Maakalla Island, Kalajoki, Finland
The small church on the island looks like a ship. Made all of wood, the beams supporting the roof could almost be the ribs of a hull. The ends of the building taper into the familiar shapes of a bow and a stern.
It’s no surprise the church on the small Finnish island of Maakalla would look like this. It was built by fishermen and shipmakers on a small outcrop of land where they were pretty much the only human life for miles around.
Scratched into a wooden beam in the church is the number 1780 – the year the building was erected. Back then, Maakalla island was busier than it is today.
Back then, the fishing industry was dominated by small enterprises who needed to be based away from Finland’s mainland for months on end to do their work. The rows of seats in the church are squeezed so tightly together the island’s parishioners needed to perch with their legs tucked under the bench to fit.
Now it is mostly empty.
Only one full time fisherman still lives on Maakalla, about 15 kilometres off the Finnish coast from the town of Kalajoki. It’s a relatively small island – only about 20 hectares.
It may be the largest in the area but when I climb to the top of a viewing tower in the island, I can spin around and easily see the shoreline in every direction. It takes only a few minutes to walk from one side to the other.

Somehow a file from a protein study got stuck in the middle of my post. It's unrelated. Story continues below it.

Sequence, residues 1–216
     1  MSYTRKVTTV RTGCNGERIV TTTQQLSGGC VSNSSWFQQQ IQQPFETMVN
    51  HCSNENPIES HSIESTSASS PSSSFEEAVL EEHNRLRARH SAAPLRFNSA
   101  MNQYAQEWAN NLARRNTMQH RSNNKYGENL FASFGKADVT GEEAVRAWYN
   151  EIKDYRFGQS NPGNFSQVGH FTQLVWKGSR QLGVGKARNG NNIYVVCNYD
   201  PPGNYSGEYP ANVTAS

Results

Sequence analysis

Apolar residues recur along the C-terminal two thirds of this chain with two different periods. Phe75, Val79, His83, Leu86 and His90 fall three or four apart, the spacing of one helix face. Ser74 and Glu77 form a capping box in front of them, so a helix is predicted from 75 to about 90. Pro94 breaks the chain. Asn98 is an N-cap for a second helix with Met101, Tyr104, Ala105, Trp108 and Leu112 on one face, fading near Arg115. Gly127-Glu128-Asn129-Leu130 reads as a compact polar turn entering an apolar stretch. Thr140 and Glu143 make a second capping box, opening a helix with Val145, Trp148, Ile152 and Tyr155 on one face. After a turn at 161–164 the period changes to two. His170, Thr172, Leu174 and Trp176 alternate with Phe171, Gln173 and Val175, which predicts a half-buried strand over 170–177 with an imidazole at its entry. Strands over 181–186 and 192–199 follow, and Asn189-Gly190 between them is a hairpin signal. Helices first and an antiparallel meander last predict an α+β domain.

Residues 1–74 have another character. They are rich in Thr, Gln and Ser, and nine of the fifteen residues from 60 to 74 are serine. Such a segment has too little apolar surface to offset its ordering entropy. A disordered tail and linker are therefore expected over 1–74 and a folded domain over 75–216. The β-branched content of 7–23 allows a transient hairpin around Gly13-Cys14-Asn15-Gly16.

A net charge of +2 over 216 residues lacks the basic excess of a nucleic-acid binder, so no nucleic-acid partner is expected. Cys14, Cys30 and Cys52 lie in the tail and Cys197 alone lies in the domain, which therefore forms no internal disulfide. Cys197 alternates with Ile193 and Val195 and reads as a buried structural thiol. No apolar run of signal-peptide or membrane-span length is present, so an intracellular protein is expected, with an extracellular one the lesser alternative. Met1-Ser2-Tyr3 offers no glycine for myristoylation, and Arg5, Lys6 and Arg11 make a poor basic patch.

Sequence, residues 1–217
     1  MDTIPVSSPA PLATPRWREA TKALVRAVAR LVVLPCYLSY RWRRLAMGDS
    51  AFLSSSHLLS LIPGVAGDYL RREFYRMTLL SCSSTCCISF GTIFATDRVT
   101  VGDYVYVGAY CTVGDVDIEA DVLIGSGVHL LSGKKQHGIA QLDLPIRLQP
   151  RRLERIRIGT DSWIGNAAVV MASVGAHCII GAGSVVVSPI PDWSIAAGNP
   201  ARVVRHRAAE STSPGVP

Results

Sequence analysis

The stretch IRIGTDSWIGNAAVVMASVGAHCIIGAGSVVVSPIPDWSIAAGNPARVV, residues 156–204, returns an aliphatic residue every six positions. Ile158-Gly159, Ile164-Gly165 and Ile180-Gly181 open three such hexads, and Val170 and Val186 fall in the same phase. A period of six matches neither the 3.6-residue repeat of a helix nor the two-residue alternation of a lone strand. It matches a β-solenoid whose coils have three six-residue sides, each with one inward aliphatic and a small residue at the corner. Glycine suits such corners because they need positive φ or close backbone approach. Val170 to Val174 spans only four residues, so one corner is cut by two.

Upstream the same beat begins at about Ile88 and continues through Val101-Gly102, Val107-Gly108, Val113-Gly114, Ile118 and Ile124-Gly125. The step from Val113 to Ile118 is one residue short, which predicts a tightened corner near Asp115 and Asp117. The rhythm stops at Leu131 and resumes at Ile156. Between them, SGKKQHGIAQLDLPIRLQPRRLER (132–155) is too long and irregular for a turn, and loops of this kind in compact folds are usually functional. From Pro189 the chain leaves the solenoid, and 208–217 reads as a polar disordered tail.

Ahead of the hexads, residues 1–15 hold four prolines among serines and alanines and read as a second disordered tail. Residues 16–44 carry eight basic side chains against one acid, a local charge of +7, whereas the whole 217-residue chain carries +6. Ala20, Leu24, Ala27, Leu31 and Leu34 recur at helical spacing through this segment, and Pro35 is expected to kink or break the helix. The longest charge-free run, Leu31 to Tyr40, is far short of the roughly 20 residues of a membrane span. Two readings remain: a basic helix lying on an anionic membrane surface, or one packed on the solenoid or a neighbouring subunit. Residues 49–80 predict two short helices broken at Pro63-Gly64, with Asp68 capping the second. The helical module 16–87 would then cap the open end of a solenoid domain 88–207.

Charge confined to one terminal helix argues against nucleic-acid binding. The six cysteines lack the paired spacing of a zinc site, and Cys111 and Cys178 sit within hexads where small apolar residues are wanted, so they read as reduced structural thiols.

There are 40 fishing huts still on the island. Some are used by those bringing in a catch – even if they don’t live here most of the time.
Some are rented out for holidaymakers. Some are just maintained for the sake of it.
Skulls hanging outside one of the small huts are a tribute to former seal hunting days – I assume it’s more about heritage than nostalgia.
There’s no electricity on Maakalla Island, no fresh water supply, nowhere to buy food if you run out (except for fresh fish, of course).
It would never have been an easy life for those living here in the past and it hasn’t got any more convenient for those who choose to stay overnight these days.
Most tourists who visit (and, admittedly, very few do) come by boat from the mainland for an hour or two. You don’t need too long here.
My guide is Kaisa-Leena Korhonen, who once ran a small inn on a nearby island that we can see across the water.
Her husband, Unto, is the boat driver and on the island they prepare a morning tea for us with coffee and herrings that were pulled from the water this morning, smoked, and served still hot.
Eating the herrings on an island which has human development on it for the sole purpose of fishing is fitting. But it’s also slightly eerie.
Walking between the huts, along the rocky paths, with the crashing sounds of waves, you can feel the isolation. Seeing the empty rooms through the windows, you can feel the loneliness.
It’s slightly sad but the residents of Maakalla have moved on with the world. I’m glad they’ve left their memories behind.
Time Travel Turtle was supported by Visit Finland but the opinions, over-written descriptions and bad jokes are his own.